How could I hope not?

Irin Carmon, a writer for Salon, last week published what might be the most balanced and informed opinion that embraces the same research I have, but allows for the hope that probably needs to be a part of the conversation as well. I stand beside the admonitions I’ve made in the past: “Forgiving” rape as a lapse in judgment by an otherwise “decent” guy is a pernicious mistake in most cases. But I’ll acknowledge that there is hope in social engineering and pushing forward a cultural change in how boys and men view sexuality. 

I only ask (as I imagine Carmon would) that we continue to observe two core considerations: First, be realistic about prevention and don’t create rules for women to follow “or else,” i.e., or else it was her fault. Second, don’t assume rape is a mistake, particularly based on the appearance, reputation, and social status of the rapist. Victim blaming isn’t the answer, and neither is forgiving as “foolish” something usually far more sinister. With those things in mind, let’s move forward.

Media Rundown on Steubenville from ThinkProgress.org: It’s Her Fault

Left-leaning Think Progress posted an excellent and highly instructive series of paragraphs today (with clear documentation) on how various national media outlets chose to report on the verdict handed down yesterday in the Steubenville sexual assault case.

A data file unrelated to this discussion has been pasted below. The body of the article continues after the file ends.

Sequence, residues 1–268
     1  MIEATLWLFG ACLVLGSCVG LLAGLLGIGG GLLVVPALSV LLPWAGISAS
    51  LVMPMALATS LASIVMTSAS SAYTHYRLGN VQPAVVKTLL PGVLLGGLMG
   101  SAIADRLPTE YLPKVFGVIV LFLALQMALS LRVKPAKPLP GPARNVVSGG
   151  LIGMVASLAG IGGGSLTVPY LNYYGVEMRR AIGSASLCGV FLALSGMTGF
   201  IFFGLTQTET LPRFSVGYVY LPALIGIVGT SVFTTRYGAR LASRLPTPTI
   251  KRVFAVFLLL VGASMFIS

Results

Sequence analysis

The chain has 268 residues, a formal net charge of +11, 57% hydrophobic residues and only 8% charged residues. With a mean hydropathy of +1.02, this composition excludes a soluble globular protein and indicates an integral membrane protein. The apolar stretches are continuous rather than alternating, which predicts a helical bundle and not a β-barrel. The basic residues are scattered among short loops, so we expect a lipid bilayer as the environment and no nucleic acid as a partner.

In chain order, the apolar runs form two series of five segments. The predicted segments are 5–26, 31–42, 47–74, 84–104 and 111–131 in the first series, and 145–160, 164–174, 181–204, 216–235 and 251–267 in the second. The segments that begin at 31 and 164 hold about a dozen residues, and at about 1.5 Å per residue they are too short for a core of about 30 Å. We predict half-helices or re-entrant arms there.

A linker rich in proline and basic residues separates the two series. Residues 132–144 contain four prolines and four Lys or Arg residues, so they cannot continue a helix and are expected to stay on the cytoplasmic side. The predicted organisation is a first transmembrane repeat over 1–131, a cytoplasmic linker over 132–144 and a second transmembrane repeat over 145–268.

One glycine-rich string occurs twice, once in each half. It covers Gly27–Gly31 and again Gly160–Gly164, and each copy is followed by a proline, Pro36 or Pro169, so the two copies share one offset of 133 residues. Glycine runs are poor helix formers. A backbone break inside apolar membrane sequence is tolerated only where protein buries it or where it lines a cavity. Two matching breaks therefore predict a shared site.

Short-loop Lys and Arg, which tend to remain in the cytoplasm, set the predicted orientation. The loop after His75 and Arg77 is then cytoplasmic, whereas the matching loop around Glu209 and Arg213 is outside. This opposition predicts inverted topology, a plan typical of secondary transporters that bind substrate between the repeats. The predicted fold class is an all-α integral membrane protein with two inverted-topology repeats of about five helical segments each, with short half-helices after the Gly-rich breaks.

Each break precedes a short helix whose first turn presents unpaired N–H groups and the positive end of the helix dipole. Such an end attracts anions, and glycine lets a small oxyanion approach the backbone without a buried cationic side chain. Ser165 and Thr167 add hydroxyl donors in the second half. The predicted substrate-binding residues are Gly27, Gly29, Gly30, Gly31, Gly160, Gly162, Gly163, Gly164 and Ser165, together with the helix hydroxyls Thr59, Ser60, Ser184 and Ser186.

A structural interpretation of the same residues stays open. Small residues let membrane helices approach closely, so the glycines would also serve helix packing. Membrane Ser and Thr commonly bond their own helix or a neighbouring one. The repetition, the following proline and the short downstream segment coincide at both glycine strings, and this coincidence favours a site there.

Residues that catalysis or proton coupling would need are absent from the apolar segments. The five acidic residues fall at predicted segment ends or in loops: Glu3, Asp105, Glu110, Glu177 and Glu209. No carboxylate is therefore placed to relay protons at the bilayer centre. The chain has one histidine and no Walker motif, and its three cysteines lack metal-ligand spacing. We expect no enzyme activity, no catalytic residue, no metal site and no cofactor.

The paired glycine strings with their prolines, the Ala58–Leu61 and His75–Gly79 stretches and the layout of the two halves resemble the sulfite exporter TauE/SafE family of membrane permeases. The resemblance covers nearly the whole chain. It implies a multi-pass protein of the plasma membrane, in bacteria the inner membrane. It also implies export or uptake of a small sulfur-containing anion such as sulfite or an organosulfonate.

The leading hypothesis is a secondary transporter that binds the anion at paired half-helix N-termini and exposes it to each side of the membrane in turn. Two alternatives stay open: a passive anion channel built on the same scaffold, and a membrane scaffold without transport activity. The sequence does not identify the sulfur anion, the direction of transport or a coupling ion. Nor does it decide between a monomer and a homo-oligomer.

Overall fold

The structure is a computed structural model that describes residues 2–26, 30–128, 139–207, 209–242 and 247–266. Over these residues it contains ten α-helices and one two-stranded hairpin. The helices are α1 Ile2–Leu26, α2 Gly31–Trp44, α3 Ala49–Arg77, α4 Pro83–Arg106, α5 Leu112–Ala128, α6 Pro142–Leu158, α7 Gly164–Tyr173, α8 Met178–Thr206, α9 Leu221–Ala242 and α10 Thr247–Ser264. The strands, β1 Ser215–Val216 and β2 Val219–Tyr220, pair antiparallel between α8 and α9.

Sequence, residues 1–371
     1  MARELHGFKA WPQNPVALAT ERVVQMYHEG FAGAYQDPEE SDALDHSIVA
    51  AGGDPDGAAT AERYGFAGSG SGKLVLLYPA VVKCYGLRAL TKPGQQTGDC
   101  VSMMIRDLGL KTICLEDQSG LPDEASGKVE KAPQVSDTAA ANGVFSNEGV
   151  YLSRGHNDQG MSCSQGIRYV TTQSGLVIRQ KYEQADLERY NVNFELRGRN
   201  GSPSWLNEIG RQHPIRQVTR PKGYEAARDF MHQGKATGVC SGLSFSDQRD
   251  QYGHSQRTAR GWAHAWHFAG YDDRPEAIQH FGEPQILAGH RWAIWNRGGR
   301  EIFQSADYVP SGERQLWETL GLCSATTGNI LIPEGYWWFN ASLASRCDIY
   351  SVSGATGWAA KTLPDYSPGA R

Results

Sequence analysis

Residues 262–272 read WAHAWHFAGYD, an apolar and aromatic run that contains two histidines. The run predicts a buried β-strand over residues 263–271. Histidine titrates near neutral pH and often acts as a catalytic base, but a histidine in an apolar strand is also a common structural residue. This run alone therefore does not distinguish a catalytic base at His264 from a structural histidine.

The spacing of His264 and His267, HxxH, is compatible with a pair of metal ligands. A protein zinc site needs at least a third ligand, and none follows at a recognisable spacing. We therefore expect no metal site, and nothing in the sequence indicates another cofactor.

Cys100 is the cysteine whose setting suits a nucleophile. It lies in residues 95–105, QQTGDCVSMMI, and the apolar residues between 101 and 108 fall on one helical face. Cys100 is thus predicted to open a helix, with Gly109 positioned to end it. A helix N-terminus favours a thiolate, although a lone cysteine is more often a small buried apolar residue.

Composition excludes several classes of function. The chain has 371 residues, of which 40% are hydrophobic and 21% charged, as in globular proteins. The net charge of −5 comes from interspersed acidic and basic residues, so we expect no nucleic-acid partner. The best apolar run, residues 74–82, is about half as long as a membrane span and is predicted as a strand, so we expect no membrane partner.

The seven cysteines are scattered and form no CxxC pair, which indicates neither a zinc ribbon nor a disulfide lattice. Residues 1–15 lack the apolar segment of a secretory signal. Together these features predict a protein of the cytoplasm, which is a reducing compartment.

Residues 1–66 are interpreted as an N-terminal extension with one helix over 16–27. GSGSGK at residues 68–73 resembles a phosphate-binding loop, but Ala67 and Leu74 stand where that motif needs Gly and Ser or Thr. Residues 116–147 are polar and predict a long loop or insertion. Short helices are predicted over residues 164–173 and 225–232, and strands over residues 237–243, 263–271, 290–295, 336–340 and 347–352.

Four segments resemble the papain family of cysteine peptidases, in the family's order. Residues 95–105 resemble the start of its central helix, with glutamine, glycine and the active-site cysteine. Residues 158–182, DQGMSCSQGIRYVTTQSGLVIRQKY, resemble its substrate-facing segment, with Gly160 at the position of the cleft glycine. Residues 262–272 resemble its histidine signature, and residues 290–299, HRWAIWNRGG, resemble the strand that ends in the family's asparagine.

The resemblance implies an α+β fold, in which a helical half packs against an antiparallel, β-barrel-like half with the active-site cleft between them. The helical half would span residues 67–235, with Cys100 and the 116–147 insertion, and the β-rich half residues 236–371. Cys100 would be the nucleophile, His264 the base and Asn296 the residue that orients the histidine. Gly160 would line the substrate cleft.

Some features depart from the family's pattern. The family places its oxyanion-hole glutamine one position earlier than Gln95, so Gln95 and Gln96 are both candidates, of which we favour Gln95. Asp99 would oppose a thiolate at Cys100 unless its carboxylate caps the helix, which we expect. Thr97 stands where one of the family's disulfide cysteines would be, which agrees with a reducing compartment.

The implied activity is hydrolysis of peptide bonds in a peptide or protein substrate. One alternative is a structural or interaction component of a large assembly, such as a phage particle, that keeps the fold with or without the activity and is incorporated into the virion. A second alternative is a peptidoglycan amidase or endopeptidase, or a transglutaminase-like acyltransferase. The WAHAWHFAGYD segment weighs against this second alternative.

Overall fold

CNN, ABC and NBC all focused primarily on the promising careers and positive aspects of the convicted teenagers. USA Today and the Associated Press focused on the fact that the victim was drunk, as if she were frankly complicit in bringing on what happened to her.

Yahoo, though, went the furthest in blaming her, suggesting that her choice to report being repeatedly sexually violated, filmed and humiliated, was to blame for tearing the town apart.

So it’s her fault for “ruining the lives” of such promising young athletes. Her fault for being drunk. Her fault for coming forward and “tearing a town apart.”

And we wonder why so few victims report.

 

 

Steubenville: A Modest Proposal. Or A Moral Requiem

Every town, indeed every settlement, hosts its demons. Towns generally spring up where wealth can be created. Some of that wealth is inevitably dispersed from fools and victims to the hands of those more clever and ruthless. The rituals of corruption between gathered humans are themselves as human as laughter and tears. There are no exceptions.

But if accounts can be trusted, it seems that Steubenville, Ohio, blessed with extractable fossil fuel and its position on the railroad between Pittsburgh and Chicago in the American industrial ascent, hosted more than its share of demons in the 20th century. It was dubbed “Sin City” at one point as mafia elements thrived with prostitution and gambling, abetted by local industry and town leadership.

Now the 20th century is history and Steubenville is struggling against decay and decline. So why pick on it? Because it’s clear that a natural desire to remain relevant, and elements of the corruption that once defined Steubenville have now morphed into a cocktail of denial and tolerance for sexual assault by its last vestige of greatness: Big Red Football.